Seasoned Cat Owners Ask: Why is My Altered Cat Spraying?

Ah…one of the many age old questions: “Why is my altered cat spraying?” As a seasoned cat owner, you know that there are many answers to that question. You did your research. You have been to the veterinarian and nothing is physically wrong, but the spraying has not stopped and the house smells horrid. The next possible action on your agenda is drastic – transporting your fuzzy friend to the local shelter. Alright, don’t get hasty.

Why not consider some exercises that could change your cat’s behavior? As most cat owners probably know, spraying is connected to a cat’s stress level. Thus, it is important to know how to identify when a cat’s stress level is elevated. This will help you understand which steps to take to relieve that stress, which could be the solution to your problem. During the visit to your veterinarian, you may have been referred and/or opted to hire a behavior specialist, and that’s great. However, a lot of people are strapped for cash these days, so it is not always the most practical choice. So then, it’s up to you to calm down your kitty. But what contributes to the elevation of a cat’s stress level? Several things (a few of the most common are discussed here).


An important thing to remember is that cats are more sensitive than they appear. Each one has a different personality and stress level. One cat may be scared of everything while another will sleep through an earthquake. Oftentimes, people think cats will adapt to a situation quickly when, in reality, it may be causing the cat more stress. For instance, getting a new cat can cause a trickle effect of stress in a cat’s hierarchy. Typically, the new cat is seen as a territory invasion, which results in the other cats getting stressed. Dominant cats tend to redirect their aggression toward the weaker cats, which can stress the weaker ones out even more. Now instead of having just one cat spraying out of dominance, there is a good chance that the weaker cats will also spray out of fear and/or frustration (Rainbolt, 2008).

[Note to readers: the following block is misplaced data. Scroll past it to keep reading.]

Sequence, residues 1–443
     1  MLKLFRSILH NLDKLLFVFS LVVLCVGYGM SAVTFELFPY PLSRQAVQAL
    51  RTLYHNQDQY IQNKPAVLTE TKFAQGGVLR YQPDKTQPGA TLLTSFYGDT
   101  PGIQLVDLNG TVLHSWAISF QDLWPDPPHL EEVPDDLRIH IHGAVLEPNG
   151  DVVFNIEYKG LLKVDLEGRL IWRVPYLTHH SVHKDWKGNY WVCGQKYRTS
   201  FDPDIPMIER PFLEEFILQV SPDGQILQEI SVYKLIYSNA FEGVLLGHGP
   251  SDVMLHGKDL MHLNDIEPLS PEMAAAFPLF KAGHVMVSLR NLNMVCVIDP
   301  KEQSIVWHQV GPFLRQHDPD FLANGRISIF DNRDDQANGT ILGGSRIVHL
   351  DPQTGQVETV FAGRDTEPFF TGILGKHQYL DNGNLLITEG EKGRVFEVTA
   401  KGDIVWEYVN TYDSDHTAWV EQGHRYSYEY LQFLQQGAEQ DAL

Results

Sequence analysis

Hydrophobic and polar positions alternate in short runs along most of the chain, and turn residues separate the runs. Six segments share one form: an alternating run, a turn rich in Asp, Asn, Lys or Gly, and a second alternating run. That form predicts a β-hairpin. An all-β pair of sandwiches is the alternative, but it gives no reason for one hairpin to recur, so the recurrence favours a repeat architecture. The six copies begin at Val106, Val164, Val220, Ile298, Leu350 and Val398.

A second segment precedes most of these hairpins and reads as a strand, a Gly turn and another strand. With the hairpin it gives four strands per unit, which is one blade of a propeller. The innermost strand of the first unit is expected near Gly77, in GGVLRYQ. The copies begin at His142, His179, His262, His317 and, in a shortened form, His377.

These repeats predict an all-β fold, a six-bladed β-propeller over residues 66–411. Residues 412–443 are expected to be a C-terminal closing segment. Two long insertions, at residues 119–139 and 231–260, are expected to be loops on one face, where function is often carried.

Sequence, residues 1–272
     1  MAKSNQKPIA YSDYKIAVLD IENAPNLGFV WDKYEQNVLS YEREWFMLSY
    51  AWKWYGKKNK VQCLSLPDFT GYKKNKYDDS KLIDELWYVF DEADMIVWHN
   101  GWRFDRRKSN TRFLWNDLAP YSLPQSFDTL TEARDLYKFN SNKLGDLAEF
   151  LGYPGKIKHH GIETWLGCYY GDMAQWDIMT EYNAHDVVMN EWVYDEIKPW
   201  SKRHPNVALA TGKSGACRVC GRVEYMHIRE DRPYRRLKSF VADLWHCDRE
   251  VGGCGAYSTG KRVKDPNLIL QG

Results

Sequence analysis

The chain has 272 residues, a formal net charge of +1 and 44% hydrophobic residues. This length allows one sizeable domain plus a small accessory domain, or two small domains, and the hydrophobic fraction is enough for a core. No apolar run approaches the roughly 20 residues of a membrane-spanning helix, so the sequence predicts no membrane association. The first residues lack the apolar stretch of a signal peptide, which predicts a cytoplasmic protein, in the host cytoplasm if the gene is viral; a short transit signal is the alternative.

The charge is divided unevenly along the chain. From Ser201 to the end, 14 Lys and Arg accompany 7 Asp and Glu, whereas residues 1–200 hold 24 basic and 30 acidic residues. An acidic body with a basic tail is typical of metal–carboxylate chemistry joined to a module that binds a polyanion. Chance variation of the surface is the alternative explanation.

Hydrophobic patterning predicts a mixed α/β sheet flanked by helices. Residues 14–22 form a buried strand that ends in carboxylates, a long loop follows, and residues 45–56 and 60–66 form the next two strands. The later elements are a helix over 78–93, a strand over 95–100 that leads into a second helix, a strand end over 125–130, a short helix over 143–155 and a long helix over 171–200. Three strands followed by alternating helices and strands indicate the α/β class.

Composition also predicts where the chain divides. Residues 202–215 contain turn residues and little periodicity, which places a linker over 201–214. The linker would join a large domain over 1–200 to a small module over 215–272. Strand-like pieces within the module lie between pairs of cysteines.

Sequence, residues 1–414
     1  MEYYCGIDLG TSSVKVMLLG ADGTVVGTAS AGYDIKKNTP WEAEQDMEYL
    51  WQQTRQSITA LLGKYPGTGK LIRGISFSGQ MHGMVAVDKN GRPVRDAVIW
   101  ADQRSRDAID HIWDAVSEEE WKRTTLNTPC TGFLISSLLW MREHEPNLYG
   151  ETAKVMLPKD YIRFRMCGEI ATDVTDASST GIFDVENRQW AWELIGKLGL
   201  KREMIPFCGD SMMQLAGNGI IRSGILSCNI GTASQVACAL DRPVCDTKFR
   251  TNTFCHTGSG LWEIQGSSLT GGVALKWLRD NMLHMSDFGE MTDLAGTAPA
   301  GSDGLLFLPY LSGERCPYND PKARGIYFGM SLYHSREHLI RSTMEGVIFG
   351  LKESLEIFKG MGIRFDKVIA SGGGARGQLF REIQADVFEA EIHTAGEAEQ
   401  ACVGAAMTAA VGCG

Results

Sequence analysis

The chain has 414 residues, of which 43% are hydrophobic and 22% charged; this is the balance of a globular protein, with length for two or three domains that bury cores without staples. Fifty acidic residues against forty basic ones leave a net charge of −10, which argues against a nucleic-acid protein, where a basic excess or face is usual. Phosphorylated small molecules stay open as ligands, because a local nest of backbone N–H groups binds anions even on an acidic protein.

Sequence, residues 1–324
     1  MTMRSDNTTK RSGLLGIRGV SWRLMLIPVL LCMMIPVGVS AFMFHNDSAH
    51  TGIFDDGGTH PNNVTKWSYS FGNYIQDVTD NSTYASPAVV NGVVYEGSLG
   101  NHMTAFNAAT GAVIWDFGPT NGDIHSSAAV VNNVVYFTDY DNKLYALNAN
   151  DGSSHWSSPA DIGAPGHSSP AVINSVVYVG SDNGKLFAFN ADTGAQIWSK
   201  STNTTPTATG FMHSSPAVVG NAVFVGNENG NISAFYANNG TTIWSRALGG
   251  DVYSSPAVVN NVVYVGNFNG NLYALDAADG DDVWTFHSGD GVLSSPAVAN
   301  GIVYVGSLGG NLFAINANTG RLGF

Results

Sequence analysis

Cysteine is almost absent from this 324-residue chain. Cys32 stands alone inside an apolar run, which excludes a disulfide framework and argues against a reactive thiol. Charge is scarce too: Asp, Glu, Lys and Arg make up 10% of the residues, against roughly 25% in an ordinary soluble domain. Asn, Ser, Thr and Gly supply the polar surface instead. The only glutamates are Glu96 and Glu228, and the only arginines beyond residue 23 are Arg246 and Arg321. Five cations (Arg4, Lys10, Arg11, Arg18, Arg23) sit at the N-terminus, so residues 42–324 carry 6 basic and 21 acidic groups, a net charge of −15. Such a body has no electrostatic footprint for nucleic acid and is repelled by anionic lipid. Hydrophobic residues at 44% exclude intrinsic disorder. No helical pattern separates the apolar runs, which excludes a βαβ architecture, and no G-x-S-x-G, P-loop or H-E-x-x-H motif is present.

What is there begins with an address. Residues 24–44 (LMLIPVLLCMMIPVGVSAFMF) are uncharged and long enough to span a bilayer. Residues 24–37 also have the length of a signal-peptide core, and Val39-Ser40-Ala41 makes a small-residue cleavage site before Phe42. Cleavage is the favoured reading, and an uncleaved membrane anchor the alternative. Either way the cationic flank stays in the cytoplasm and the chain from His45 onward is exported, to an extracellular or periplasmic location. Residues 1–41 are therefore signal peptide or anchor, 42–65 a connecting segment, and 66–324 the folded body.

Another thing that stresses out cats is change. Such changes range from mild to extreme and usually take the form of switching work shifts, getting new furniture, moving, arguing/fighting, or being bullied by a dominant cat (Rainbolt, 2008). Even something as minute as moving a food dish when cleaning can stress out a cat. So then, if Mr. Whiskers is touchy, what should you do? Watch your cat’s behavior and try to pinpoint or narrow down the source of the stress. Once the source of the stress is established, actions can be taken to alleviate it.


New Cat. To reduce stress levels when a new cat is brought into the home, be sure to supervise the introduction of him/her to the other cats. If any of the other cats tries to attack the newbie, remove him/her from the room. Do not reward the other cats in any way. Repeat this exercise until your other cats socialize with the newbie without attacking him/her. Then the other cats can be rewarded. Keep the newbie in a separate room when you or any other responsible pet owners are not home.